Mark Zuckerberg and Russian Prime Minister Dmitry Medvedev in 2012. Photo courtesy of Wikipedia.

It seems Facebook and controversy are inconceivably linked at this point. 

Frances Haugen, a prior data scientist for Facebook, recently revealed herself as the “whistleblower” behind the recent scandal. In a recent episode of 60 minutes, Haugen reveals that it was, in fact, her who was responsible for copying and leaking thousands of pages worth of confidential Facebook documents to the Securities and Exchange Commission and the Wall Street Journal. She claimed that the documents revealed Facebook’s deliberate act to spread hatred and how it contributes to negative body images of teenagers and even leads to suicidal thoughts. Saying that the company itself “prioritizes [financial] growth over safety.” 

When we live in an information environment that is full of angry, hateful, polarizing content, it erodes our civic trust; it erodes our faith in each other, it erodes our ability to want to care for each other, the version of Facebook that exists today is tearing our societies apart and causing ethnic violence around the world.

Haugen speaks on how “super tragic” it is that Facebook is aware of these damages but turns their heads in order to prioritize financial growth; the more we interact with the app, the more money the company makes. For instance, Facebook’s research says that as young women begin to “consume eating disorder content, they get more and more depressed. This actually makes them use the app more.” Therefore ending up in this feedback cycle where they hate their bodies more and more. She even claims that Facebook’s subsidiary, Instagram is super dangerous and is “distinctly worse than other forms of social media.”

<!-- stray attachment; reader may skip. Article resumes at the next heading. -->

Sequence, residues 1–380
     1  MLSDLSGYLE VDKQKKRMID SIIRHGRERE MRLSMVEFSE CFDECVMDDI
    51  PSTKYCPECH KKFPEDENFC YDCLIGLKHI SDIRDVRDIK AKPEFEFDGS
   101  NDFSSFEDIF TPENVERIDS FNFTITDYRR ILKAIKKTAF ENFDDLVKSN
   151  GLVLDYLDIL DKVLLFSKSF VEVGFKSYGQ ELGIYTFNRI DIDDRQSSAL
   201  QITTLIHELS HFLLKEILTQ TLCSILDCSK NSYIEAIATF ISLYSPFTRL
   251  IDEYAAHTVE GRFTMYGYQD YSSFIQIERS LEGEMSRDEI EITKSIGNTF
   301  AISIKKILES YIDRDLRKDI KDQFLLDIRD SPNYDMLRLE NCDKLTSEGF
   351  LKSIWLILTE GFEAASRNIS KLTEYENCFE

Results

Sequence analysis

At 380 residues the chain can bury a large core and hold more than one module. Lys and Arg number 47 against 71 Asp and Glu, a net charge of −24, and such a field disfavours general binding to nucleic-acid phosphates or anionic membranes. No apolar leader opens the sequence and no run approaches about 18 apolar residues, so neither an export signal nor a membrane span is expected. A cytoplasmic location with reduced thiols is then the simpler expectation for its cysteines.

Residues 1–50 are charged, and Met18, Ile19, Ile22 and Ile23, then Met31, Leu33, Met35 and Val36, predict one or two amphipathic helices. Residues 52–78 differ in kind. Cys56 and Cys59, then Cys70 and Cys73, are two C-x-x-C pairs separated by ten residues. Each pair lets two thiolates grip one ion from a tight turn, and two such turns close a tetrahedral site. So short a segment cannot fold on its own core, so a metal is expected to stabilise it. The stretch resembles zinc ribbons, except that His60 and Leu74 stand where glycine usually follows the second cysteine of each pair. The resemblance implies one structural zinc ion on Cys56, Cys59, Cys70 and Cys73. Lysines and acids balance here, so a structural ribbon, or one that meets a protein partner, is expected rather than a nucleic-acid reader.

Zuckerberg responded to these allegations on his personal Facebook page, saying, “Many of the claims don’t make any sense. If we wanted to ignore research, why would we create an industry-leading research program to understand these important issues in the first place?” Also going on to say, “it’s disheartening to see that work taken out of context and used to construct a false narrative that we don’t care.” 

When asked about the correspondence between the Facebook/ Instagram outage on Monday and the controversy, Zuckerberg replied that the outage was not, in fact, a reaction to the controversy but rather, “the SEV that took down all our services yesterday was the worst outage we’ve had in years.” 

As things continue to heat up, we ask ourselves what is next for the billion-dollar corporation? 

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